Garner, who’s in his second stint at Tennessee, has also coached at Georgia and Auburn in the SEC. He said it was obvious that the players were looking for direction.
“In the first two weeks, I had more misses — missed meetings, late to meetings, missed class sessions — than I did in my previous 31 years,” Garner said. “[Heupel] set the tone and let it be known that everything matters. We weren’t going to be a bunch of individuals.”

Nothing was too trivial, whether it was eating all three meals in the football complex or making a genuine effort to get to know all your teammates and not just the guys in your position group.
“The habits that you have outside of the game … they matter inside the game, too, and I think that’s what our kids have learned and bought into,” Heupel said. “That was a huge part of the change you’ve seen in Tennessee football.”
The Vols didn’t feast on a cushy schedule in Heupel’s first season. They faced five of the top 22 teams — and four of the top 12 — in the College Football Playoff committee’s final rankings. They also faced three quarterbacks who finished first, third and seventh, respectively, in the Heisman Trophy voting in Alabama’s Bryce Young, Pittsburgh’s Kenny Pickett and Ole Miss’ Matt Corral.
Heading into the bowl game, Tennessee is 19 points away from setting the school record for most points in a season (484), which was established in 1993 during Fulmer’s first full season. The Vols have scored 45 or more points in six of their 12 games, and their 466 points are the third most in school history. That’s after scoring 215 in 2020, 314 in 2019, 273 in 2018 and 238 in 2017.
“I know this: A lot of guys are going to want to play in this style of offense and play for a coach who believes in you the way coach Heupel does,” said Jones, who started his career at USC before transferring to Tennessee.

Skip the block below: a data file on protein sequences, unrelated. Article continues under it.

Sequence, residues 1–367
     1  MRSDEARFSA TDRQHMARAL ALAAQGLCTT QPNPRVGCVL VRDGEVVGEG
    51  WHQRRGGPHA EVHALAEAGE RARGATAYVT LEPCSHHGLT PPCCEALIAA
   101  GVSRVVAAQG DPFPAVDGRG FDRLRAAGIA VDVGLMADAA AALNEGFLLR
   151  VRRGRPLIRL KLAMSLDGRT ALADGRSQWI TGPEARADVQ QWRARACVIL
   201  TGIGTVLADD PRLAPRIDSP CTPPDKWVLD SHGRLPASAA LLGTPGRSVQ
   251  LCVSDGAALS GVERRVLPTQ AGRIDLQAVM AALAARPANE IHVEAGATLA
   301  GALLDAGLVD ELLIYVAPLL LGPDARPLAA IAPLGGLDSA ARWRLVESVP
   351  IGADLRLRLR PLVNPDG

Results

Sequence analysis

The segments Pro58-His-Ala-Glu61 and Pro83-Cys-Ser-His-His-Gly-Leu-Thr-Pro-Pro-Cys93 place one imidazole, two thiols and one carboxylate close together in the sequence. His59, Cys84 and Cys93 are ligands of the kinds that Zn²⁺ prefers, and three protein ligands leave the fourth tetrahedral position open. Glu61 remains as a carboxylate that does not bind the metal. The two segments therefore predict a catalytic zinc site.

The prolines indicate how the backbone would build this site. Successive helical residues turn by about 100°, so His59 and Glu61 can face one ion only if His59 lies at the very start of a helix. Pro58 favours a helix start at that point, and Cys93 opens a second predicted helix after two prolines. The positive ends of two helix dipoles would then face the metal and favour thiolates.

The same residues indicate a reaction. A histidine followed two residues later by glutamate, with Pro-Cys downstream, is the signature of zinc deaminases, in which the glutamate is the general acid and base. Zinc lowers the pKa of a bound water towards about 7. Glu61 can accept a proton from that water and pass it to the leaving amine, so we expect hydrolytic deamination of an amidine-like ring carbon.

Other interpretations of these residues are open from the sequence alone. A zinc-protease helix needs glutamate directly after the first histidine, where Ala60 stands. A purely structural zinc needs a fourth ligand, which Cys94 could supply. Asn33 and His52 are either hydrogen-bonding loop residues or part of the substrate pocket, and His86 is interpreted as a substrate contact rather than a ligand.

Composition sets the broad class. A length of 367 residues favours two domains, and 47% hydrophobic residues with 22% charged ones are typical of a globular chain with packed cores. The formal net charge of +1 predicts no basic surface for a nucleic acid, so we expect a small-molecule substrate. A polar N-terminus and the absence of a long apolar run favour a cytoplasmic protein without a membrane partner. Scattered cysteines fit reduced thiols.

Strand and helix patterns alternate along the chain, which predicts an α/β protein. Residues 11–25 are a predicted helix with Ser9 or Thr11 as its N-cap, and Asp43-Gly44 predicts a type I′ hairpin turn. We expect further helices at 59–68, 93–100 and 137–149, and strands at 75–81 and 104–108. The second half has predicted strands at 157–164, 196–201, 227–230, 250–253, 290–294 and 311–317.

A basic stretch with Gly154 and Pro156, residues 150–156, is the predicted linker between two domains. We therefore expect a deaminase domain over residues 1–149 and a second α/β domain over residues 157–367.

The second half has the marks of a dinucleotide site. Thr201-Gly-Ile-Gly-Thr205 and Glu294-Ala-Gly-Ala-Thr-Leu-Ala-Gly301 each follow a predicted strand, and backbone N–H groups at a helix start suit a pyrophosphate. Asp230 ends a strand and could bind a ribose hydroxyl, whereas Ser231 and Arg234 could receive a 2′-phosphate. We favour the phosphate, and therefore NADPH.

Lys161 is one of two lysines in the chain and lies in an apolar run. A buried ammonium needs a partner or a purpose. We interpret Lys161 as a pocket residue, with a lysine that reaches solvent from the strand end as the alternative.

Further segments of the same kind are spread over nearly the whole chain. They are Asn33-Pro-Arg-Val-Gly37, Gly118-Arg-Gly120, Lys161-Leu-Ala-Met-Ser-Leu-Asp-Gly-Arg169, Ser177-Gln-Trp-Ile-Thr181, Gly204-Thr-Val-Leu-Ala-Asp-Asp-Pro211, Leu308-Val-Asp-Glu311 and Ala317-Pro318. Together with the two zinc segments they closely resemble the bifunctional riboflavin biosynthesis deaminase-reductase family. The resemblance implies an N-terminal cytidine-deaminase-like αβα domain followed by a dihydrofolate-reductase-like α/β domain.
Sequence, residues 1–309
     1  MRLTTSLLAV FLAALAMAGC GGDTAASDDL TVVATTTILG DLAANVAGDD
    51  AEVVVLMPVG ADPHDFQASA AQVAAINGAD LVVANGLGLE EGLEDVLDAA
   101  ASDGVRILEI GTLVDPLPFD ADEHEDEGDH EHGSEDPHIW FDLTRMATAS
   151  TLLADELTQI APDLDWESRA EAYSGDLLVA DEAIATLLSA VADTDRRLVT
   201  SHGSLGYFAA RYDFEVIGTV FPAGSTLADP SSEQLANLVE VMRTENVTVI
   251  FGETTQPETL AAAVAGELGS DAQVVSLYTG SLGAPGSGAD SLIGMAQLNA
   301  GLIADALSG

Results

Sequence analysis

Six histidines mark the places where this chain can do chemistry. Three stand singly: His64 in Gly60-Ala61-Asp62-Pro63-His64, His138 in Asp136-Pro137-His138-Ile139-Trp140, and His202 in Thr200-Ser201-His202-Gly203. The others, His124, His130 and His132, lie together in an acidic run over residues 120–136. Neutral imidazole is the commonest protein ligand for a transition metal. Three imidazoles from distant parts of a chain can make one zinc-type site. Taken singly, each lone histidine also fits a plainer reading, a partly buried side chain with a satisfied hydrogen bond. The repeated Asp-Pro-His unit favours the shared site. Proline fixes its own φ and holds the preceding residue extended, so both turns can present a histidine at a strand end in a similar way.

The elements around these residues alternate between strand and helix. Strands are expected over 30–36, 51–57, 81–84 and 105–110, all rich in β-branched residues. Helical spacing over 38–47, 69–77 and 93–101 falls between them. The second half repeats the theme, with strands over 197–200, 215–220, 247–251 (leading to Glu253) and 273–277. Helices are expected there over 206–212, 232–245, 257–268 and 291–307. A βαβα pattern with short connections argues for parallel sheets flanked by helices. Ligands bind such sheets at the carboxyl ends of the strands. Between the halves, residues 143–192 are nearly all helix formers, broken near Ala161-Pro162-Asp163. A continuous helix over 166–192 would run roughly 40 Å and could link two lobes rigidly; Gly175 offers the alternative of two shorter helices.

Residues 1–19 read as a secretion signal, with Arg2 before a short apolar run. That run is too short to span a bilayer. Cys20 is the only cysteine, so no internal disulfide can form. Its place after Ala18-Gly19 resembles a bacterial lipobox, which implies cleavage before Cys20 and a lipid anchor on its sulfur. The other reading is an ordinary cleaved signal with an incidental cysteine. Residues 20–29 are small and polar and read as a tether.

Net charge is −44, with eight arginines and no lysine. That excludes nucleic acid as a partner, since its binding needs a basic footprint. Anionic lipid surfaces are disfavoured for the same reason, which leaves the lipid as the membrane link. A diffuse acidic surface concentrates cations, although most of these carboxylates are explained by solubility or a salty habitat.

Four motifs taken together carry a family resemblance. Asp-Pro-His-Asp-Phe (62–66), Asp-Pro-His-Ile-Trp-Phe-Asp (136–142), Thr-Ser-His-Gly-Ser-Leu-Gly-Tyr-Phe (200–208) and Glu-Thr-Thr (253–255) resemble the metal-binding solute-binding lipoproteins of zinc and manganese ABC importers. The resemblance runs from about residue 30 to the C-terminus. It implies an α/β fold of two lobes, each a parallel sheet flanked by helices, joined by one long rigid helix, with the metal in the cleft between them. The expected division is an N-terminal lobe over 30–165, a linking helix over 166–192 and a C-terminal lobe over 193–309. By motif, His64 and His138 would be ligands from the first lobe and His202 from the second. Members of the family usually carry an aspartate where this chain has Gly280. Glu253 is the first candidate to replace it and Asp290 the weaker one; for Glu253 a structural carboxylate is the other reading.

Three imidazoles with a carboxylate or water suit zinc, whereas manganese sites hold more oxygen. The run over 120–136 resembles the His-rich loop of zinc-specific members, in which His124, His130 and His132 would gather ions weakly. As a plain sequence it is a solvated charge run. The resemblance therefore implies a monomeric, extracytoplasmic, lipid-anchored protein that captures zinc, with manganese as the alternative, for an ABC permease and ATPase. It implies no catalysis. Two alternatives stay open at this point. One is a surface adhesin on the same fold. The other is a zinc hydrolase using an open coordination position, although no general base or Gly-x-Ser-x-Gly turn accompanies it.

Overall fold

One of the next steps will be recruiting the state of Tennessee more successfully. The Vols signed just one of the top 15 in-state prospects, according to ESPN’s rankings, in the 2022 signing class.
“It was harder in some ways to recruit in state this year than out of state because of the [NCAA] cloud and the noise, and that was perpetuated non-stop,” Heupel said. “But we continued to build momentum from the spring to the summer and into early fall and late fall, and we’re going to continue to climb.”The university announced in November that it had concluded its year-long internal investigation and would not self-impose a bowl ban, although the university does plan to self-impose other penalties such as a reduction in scholarships and other recruiting restrictions. Sources told ESPN that the university has yet to receive a notice of allegations from the NCAA.Heupel’s defining memory from this first season will be how hard the players played and the way they adapted to his style of tough love.
“The saying we use in the building is that you coach from passion. You don’t coach from emotion,” Heupel said.
It’s an approach that has the Big Orange Nation thirsting for even more next season. Already, billboards reading “#eVOLution22” are popping up in Atlanta, Chattanooga, Knoxville, Memphis and Nashville.
“These guys started something we can build on,” Heupel said.
Jones, a sixth-year senior, won’t be around in 2022, but he can’t wait to see what comes next.
“This is just the beginning.”